victims  reduced  the defendants’

obligations under the
restitution order.

B.  The
restitution  order  would
render  void  any
state  court  order

requiring  the
victims  or  Ford
to  return  money
to  Gallion  and

Cunningham.

The Supremacy Clause
ensures  that as  long  as  the defendants’  convictions

stand,  no
state  court  could
order  Ford  or
the  victims  to
return  to  Gallion
and

Cunningham  funds
that  have  been
determined  to  be
part  of  the  defendants’

restitution  obligation.
Any  such  state
court  order  would
conflict  with  the

restitution order
itself.

Federal court orders
enforcing federal statutes and federal rights have been

held to supersede
conflicting state acts.  “Federal court
orders enforcing a federal

statute  (such
as  the Bankruptcy Code)  supersede
any  contrary  state
law.”    In  re

Xpedior  Inc.,  354
B.R.  210,  235
(Bankr. N.D.  Ill.  2006).
“A  state  statute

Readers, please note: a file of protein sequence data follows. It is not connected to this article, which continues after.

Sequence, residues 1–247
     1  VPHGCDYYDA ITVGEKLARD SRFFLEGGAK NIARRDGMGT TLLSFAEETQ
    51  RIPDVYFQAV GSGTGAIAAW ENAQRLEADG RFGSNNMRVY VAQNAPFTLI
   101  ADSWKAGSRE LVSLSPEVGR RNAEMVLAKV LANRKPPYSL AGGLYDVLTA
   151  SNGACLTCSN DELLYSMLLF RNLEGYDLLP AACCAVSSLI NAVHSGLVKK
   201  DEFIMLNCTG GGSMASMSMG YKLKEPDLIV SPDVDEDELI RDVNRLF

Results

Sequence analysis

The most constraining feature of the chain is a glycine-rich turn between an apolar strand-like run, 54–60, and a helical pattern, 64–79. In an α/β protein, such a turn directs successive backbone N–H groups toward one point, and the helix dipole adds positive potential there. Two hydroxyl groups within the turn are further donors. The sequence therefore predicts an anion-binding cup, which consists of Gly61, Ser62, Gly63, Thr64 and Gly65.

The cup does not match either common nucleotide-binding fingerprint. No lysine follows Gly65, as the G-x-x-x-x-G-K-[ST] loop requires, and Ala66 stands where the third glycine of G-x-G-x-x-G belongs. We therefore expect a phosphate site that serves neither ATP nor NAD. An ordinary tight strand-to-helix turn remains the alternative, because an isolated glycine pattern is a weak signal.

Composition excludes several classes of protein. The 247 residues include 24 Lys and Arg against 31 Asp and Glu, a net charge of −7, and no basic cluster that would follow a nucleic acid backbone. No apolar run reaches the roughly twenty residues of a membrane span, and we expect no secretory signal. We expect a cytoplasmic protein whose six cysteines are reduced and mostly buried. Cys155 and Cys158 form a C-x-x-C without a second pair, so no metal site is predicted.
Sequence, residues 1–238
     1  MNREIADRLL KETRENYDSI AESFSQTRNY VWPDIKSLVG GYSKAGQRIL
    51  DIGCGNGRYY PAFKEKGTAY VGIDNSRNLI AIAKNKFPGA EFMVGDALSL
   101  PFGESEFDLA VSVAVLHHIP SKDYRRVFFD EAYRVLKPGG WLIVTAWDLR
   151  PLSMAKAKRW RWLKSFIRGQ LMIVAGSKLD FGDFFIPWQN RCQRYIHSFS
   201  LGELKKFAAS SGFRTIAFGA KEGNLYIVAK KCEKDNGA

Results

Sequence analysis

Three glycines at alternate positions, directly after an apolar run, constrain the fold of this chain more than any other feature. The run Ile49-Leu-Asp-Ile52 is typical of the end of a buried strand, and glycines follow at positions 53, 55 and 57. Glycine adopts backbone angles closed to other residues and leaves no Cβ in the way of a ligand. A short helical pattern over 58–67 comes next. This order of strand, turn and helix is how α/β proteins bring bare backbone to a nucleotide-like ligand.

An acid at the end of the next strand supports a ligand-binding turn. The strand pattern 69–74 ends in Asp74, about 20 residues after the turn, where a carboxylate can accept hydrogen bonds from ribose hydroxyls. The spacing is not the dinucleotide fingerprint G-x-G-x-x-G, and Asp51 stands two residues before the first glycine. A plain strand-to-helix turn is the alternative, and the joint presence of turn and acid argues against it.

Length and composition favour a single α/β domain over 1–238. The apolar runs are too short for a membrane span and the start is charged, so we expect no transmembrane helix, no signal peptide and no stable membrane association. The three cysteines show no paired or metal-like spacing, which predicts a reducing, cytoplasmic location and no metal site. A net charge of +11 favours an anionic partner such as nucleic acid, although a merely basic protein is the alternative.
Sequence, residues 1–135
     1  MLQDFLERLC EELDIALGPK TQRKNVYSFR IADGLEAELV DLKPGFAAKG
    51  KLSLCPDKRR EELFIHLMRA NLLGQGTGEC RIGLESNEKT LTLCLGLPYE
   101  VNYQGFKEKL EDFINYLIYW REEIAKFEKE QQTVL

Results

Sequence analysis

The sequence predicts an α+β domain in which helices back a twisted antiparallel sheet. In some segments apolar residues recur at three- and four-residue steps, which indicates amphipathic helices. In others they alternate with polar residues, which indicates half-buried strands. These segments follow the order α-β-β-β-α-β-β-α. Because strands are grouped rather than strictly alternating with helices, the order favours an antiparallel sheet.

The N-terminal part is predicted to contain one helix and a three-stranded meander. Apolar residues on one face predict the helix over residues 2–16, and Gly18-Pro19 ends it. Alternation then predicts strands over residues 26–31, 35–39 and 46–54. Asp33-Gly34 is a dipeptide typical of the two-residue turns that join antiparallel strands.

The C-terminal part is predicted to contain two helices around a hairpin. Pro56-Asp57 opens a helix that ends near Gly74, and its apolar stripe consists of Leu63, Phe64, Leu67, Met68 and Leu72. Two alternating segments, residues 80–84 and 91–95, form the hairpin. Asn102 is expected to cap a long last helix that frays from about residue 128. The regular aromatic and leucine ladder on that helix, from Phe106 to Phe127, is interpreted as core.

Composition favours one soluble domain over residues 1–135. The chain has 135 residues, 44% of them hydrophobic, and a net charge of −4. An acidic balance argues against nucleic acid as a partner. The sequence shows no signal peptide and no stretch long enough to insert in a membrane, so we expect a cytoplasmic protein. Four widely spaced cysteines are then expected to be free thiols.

that

thwarts a federal
court order enforcing federal rights ‘cannot survive the command

of  the Supremacy Clause.’”   Brinn v. Tidewater Transp. Dist. Comm’n,
242 F.3d

227, 233-34 (4th Cir.
2001).

Federal courts
recognize the dominance of federal court restitution orders in

several  contexts.
For  example,  this
Court  has  held
that  settlement  agreements

between criminal
wrongdoers and their victims in resolution of civil cases cannot

Case: 11-6187 Document:
006111143825 Filed: 12/01/2011 Page: 26

 

20

 

preclude entry of
restitution orders by district courts for the same wrong.  Bearden,

274 F.3d at
1040-41.   The Eleventh Circuit has found
that the dismissal of a civil

action  in
state  court  does